In a big design and production facility in Brampton Ontario, one exhibit company is revolutionizing how their corporate event clients save money, reduce waste and fight climate change.
Meet The Taylor Group. You may not know them, but odds are you know their work, having designed experiences for 30 of the top 50 brands in the world. In fact, Time Magazine recently identified their work for Intel as the Number One most eye-catching booth at CES 2015 (photo below).
Now you might assume that this kind of experience must come at a big cost to the planet. And indeed, there are unavoidable impacts involved in moving and manufacturing show assets. However, Taylor is also piloting an innovative approach to sustainable exhibit design that helps them weigh and measure the environmental costs and benefits of mindful sourcing, shipping, storage and reuse of materials for clients.
Originally developed for Intel, this program was designed to address the challenge of creating fresh and creative brand experiences while avoiding the need to build new assets for each event.
So what has Taylor done?
The first step has been to develop their own material take-back and recycling program for all building materials. This means that when a Taylor asset reaches the end of its useful life it is kept from landfill, with materials recycled or donated for alternative uses. In fact, in 2014 Taylor enabled donation of an LG exhibit to Habitat for Humanity (photo below).
They have also conducted a complete inventory of where fabrication materials are harvested and manufactured and how they are distributed, in order to estimate the environmental impacts involved in sourcing. Yes, all the way down to where timber, plastic, and paint comes from, and how these materials are shipped to Brampton, and then onward as assets to client event sites.
Taylor has integrated this information into a unique tool that can show clients the environmental impact of multiple event designs before, during and after the design process. So if a client wants to use wood over plastic, or fir instead of birch wood, Taylor can show the environmental costs and savings inherent in one over the other, even down to comparing the different impacts of thinner versions of the same material. Most importantly: they can estimate impacts before assets are constructed, so clients can opt for reduced footprint materials.
For example, let’s say an asset calls for:
- Fabric banner material to cover a 1000-square-foot installation. Taylor can calculate the anticipated carbon and waste footprint of a variety of textiles, which may range from four to 240 kilograms of carbon dioxide equivalent for the amount needed, and cause between 10 to 270 kilograms of solid waste.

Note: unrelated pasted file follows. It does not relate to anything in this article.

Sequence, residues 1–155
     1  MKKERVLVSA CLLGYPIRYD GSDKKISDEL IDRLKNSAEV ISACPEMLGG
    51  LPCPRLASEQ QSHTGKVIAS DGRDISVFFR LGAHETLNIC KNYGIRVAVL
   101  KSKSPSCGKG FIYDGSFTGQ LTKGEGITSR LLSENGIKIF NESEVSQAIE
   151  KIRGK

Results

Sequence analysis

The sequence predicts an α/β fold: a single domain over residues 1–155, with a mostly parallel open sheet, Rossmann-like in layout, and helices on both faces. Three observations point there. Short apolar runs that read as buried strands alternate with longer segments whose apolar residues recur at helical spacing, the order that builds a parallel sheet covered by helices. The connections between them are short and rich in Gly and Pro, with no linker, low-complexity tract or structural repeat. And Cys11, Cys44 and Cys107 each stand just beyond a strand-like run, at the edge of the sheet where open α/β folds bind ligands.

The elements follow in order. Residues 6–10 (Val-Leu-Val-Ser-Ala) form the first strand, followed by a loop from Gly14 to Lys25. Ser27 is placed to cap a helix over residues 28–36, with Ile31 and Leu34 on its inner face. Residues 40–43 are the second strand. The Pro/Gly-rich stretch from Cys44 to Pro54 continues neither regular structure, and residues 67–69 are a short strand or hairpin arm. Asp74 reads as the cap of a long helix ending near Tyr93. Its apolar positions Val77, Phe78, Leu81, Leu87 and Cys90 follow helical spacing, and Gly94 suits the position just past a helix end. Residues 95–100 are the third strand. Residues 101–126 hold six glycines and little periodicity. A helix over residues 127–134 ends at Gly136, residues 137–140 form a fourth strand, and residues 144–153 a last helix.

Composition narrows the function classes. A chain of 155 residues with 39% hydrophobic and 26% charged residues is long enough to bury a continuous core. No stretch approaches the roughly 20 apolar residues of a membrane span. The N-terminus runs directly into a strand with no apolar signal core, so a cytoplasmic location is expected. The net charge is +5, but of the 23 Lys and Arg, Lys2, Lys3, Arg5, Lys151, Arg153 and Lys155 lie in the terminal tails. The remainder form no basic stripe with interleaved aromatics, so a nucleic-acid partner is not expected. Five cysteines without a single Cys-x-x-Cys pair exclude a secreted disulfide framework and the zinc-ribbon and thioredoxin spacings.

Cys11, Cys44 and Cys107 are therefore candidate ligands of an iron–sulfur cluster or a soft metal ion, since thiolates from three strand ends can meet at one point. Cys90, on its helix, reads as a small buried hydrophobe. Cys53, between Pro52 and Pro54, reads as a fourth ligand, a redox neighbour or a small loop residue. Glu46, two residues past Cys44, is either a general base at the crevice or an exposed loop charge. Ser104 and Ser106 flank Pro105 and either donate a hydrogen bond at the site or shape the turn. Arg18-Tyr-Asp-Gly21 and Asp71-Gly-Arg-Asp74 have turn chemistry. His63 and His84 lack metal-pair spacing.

- Wood for a 100-square-foot counter unit. In addition to cost differences, Taylor can advise clients that different wood choices can range from 10 to 127 kilograms of carbon dioxide equivalent, causing 20 to 140 kilograms of solid waste.
When added together, this can inform clients of the impact of design choices, and ultimately the total carbon and waste impact of their asset, before final specifications are approved and construction begins (photo below).
To acknowledge the significant impact that shipping and storage can have on exhibit footprints, Taylor has factored in the long-term impact of both in situations where assets are intended to be reused on an ongoing basis. Application of this tool to actual asset use patterns is proving through experience something that was only previously assumed: that environmental benefit doesn’t necessarily always increase by merely using and reusing good green materials. You have to pay attention to mindfully shipping and storing the asset, too.
For example, in 2014, Taylor created a group of new demo kiosks. The impact of sourcing materials, manufacturing the kiosks and sending them to their first show was initially estimated at 33 metric tons of carbon – roughly equal to the annual emissions of seven cars. Since then the kiosks have been stored in proximity to a series of three events where they have been reused one or two times (depending on the size). This reuse and mindful storage has enabled 16.5 metric tons of waste and 17 metric tons of carbon to be avoided, compared to creating, shipping and disposing of new assets for each event.
In effect, mindful management for reuse has cut the potential environmental footprint by half compared with new assets, within only the first six months of use. How much environmental “good” is that? The landfill equivalent of 1.3 million plastic bottles and carbon equivalent of 40 barrels of oil. At this rate the initial impact of the assets will be recovered within three uses, suggesting significant lifecycle benefits over the many years they anticipate to be used.
Not to mention reduced the cost for shipping and manufacturing.
Taylor’s program is innovative because it does not rely solely on traditional “green” exhibit practices, like using only natural or recycled content materials and ensuring they are recycled. The program also considers where materials are coming from, their embodied carbon footprint and anticipated lifecycle to make better, more sustainable choices that can specifically be measured.
For more information on the Taylor Green Asset Solution program please contact Kailin MacKenzie or Paige Freeborn. This program was developed in partnership with Intel, MeetGreen and the Carbon Accounting Company.
-Photos courtesy of The Taylor Group.